Monday, January 19 marked the day of freedom referred to as Juneteenth for enslaved Black people in Galveston, TX – two years after the Emancipation Proclamation was signed.
On this year’s Juneteenth, GHTech’s Historically Black Colleges and Universities (HBCU) Lecture series tour concluded with an event in Oakland. The traveling series visited 10 HBCU’s including Howard University, Clark Atlanta University, Morehouse College and Spelman College.
GHTech was founded by local tech leader George Hofstetter in 2017 when he was 16 years old. Hofstetter, now 23 years-old, has become a leader in teaching “Hacktivism.”
Hofstetter explained to Oakland Voices prior to the event the influence of the community. It was important to him that local programs were present for the event because they are his “village.” “To have the folks in this space support this and that means the world [to us],” he said. “We can’t save the world on our own. We can’t liberate people by ourselves. We’ve got to have a collective effort to design towards our liberation as a people.”
Community members gathered at Oakstop to celebrate GHTech’s work in breaking down traditional models of tech education.
“‘Hacktivists’ are technologists that use their skills with computer programming to create a positive social impact and transform traditional inequities that they see in the world,” Hofstetter added.
Hosted by Dezmond Frazier, CEO of Grow Love Collective, the room was filled with friends and classmates of both Frazier and Hofstetter, and community members. This was an opportunity for anyone to see themselves in the world of tech and find ways to solve the disparities of their communities. “On this very day, we actually have the honor of being able to celebrate our ancestors, to continue to build upon their legacies and the sacrifices of the freedom fighters that led us here today,” Frazier said.
The Oakstop location held significance for Hofstetter, who said his introduction into the tech world was in that location for Qeyno Labs Hackathon hosted by author, entrepreneur, and current Emeryville councilmember Kalimah Priforce. It was the first time he got to see himself through other Black men and youth at an event that celebrated using technology to have a positive impact on communities.
It was at these hackathons Hofstetter said he learned that “we’ve been hacking our whole lives to meet the material needs of our families.” Priforce noted that “hacking doesn’t always involve a computer.” Those changes in perspective helped Hofstetter think about solving problems within the community and was the starting point for GHTech.
The session began by welcoming attendees with a meal from Cocobreeze Caribbean Restaurant, followed by opening remarks by Hofstetter and Cambridge University Think Lab’s Tyler Shores. Shores’ research with Cambridge focuses on social media and how it shapes human thinking. In his opening remarks, Shores asked that people make an “unexpected friend” because human connection was valuable and important to the learning experience that “might lead to something amazing while we’re here.”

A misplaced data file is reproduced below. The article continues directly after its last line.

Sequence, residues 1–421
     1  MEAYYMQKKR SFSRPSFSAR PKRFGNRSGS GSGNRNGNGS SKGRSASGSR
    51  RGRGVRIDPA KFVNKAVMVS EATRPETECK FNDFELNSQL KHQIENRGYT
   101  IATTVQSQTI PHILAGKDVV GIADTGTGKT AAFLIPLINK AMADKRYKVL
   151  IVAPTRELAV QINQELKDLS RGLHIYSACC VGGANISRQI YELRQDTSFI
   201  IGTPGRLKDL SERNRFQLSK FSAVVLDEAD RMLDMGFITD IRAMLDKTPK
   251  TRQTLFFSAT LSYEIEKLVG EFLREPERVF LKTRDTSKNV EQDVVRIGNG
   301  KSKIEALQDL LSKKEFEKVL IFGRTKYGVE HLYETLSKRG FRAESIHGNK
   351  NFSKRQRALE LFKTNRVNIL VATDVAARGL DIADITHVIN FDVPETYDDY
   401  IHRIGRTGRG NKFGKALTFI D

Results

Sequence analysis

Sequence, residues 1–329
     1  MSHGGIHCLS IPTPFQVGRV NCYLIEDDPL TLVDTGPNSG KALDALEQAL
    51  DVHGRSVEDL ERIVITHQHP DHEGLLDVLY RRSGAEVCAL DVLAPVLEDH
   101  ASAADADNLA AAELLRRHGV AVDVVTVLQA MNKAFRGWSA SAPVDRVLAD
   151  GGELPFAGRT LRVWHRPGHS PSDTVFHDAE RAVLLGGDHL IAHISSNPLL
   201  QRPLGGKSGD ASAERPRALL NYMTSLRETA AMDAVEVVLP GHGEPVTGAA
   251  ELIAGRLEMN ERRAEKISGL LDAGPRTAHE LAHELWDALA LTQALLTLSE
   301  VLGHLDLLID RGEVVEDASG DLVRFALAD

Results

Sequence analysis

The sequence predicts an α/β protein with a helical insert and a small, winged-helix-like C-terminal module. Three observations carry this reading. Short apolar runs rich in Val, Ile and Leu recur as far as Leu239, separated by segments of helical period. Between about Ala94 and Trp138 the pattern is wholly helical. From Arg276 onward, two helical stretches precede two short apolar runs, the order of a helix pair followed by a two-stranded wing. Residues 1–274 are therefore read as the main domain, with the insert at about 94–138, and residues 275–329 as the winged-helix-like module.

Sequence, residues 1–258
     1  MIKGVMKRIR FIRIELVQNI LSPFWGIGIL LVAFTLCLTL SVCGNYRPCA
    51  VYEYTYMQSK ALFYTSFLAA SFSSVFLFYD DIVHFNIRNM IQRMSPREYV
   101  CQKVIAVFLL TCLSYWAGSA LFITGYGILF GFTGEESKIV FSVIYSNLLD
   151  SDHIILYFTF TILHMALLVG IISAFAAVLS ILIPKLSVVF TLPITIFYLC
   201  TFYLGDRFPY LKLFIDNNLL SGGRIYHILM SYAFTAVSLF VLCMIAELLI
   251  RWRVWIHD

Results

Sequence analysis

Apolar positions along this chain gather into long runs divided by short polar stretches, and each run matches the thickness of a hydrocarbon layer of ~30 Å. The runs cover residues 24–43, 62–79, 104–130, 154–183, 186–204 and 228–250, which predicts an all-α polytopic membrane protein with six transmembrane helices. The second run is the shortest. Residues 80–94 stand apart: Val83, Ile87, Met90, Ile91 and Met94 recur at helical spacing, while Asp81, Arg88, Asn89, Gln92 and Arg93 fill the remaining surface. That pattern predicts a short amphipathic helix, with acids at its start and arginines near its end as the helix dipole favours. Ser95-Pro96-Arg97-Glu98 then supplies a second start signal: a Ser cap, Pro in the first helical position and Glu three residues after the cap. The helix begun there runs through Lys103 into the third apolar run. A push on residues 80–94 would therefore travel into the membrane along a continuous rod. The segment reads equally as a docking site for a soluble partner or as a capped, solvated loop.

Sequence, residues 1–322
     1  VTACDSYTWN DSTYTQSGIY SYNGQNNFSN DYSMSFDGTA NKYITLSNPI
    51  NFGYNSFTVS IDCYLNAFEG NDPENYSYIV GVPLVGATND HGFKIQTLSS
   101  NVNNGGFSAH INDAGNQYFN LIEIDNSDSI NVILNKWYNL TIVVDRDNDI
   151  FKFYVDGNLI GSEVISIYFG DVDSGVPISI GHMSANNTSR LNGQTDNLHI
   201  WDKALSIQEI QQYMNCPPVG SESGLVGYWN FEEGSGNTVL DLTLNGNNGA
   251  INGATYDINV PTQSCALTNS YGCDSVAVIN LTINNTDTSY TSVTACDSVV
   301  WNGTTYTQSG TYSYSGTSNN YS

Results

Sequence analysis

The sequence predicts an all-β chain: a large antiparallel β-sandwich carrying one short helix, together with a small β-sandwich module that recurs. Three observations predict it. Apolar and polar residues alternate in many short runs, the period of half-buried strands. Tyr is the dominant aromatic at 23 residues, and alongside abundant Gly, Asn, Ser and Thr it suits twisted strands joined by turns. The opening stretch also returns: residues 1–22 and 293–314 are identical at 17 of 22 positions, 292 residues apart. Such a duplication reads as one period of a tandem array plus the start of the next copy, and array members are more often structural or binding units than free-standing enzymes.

Interlooped throughout the program were videos of the tour documenting the journey to some of the HBCUs and giving context for what’s needed to build the movement within “hacktivism.” Following the first video, Tongo Eisen-Martin, San Francisco’s Poet Laureate, performed his brand of revolutionary poems.
Discussions on the tour series have ranged from racism in technology industries, food injustice, and the theme of Oakland’s closing event: Black mentorship in tech. The afternoon “trailblazer” discussion included panelists Akintunde Ahmad, artist and founder of Ade Dehye, and Ahmed Muhammad, founder of Kits Cubed, a nonprofit igniting the joy of science. The Black men from Oakland both attended Oakland Tech.
Ahmad and Muhammad explained during the panel that narratives around success are often linear and don’t account for real world living. Muhammad said that while the news was celebrated about him being the first Black male valedictorian from his high school, Oakland Tech, there was little discussion about why he was the first.
“They focus on success stories or the tropes, almost like tokenism, instead of all of the other people just like us who have been failed,” Muhammad said at the event.
Both changemakers imparted that money was not the definition of success but rather, being able to influence the community was.
Volunteers from the People’s Programs, an Oakland-based New Afrikan organization, were present in solidarity and collected volunteer signups. Others present included Game Ova, a sports analytics company which offers personalized data analysis to student athletes. “The visualizations and the one-on-one relationship that we build really shows folks that we care about them in their data,” said 22 year old founder Jason Brown, a former classmate of Hofstetter. “To see him grow his company as I’m growing my company, it’s always good to just come back around.”
“In order to be successful, you have to uplift others,” Ahmad told Oakland Voices. “You have to uplift the conditions of the community. We need to take our success and actually go back into the community and create a creative system – create a place – where our stories are no longer successful.”
The event closed by giving honors to two community members. The recipient of the inaugural “Transforming Education Award” was given to Olatunde Sobomehin, CEO and co-founder of StreetCode Academy, a nonprofit organization closing the gap of the digital divide for the Black community. Guy “Heston” Parrish was a recipient of the Hacktivist Award for his work as an alum with Hidden Genius Project, a program that trains Black youth in tech and science.